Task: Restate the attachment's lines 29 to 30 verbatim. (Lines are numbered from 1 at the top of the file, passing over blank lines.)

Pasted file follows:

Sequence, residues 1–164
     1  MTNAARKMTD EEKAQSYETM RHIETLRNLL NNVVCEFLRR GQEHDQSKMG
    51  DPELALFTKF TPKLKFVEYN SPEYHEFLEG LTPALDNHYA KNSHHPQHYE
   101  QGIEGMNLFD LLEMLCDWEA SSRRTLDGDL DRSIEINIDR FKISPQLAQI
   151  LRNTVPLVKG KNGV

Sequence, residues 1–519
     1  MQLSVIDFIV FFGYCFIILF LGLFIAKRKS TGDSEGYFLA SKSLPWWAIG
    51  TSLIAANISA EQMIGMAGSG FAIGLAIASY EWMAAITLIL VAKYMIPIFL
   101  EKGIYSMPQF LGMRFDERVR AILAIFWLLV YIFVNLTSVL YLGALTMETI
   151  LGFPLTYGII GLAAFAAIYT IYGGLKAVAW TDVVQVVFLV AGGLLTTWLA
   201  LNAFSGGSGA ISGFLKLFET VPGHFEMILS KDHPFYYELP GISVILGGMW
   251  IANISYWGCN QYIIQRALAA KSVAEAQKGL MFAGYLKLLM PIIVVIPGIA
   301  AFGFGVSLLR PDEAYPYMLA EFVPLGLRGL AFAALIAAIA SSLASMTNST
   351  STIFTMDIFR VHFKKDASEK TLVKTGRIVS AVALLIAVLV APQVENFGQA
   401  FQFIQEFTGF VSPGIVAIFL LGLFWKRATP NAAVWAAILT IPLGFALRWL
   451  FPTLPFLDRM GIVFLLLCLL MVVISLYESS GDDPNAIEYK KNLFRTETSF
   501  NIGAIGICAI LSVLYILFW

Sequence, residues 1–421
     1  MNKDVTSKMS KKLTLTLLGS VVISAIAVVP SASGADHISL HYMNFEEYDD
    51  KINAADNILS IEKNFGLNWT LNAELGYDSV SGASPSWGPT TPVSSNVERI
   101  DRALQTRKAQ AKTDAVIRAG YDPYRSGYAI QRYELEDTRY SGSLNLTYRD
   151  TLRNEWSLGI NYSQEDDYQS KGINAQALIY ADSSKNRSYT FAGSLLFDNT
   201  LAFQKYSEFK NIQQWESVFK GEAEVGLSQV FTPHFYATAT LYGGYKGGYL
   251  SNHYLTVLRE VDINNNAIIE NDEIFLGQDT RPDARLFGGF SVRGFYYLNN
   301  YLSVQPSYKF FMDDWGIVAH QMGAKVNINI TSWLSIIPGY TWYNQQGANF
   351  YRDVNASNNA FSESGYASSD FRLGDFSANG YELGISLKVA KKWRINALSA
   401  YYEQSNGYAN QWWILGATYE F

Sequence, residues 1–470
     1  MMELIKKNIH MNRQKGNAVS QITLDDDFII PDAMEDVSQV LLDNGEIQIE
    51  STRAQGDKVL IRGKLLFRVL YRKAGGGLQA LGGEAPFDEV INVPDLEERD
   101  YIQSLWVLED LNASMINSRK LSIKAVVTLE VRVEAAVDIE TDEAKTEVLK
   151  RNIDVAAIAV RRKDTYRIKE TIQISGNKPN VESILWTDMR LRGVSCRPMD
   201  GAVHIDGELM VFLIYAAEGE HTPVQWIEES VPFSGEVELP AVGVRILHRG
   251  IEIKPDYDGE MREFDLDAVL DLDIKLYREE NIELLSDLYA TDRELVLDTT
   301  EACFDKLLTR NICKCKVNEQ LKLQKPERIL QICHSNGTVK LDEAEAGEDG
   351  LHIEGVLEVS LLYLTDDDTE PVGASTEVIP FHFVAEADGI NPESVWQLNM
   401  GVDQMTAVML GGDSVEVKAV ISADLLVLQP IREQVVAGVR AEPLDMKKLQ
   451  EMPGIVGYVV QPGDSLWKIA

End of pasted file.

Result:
     1  MMELIKKNIH MNRQKGNAVS QITLDDDFII PDAMEDVSQV LLDNGEIQIE
    51  STRAQGDKVL IRGKLLFRVL YRKAGGGLQA LGGEAPFDEV INVPDLEERD